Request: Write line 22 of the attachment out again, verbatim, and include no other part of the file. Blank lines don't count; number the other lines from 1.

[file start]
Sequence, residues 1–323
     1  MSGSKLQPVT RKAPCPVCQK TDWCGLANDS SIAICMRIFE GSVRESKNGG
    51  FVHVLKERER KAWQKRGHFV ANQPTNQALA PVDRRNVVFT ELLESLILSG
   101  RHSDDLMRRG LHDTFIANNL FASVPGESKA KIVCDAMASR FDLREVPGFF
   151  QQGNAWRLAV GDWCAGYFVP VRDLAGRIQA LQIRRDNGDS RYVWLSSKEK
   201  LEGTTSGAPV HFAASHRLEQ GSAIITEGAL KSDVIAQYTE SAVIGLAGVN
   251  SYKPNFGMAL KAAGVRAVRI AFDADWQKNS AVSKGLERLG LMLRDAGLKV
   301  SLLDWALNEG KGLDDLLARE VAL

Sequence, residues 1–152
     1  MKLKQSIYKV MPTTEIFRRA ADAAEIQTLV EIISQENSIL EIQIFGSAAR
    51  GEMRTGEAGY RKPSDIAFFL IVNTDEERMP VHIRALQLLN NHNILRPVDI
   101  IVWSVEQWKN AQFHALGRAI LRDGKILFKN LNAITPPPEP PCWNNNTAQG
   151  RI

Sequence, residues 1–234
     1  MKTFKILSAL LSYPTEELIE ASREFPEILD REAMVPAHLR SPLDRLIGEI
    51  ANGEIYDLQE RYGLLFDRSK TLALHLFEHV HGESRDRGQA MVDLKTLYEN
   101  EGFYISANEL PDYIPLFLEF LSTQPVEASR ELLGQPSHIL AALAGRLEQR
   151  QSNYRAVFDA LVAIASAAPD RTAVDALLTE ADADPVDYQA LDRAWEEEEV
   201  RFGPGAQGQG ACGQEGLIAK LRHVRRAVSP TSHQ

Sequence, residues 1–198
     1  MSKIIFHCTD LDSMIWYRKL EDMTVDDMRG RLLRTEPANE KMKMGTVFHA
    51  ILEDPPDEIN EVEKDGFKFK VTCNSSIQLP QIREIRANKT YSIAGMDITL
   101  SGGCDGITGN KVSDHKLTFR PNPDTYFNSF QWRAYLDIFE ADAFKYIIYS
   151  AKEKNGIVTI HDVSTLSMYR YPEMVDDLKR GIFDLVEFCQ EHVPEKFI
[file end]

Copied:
    51  ILEDPPDEIN EVEKDGFKFK VTCNSSIQLP QIREIRANKT YSIAGMDITL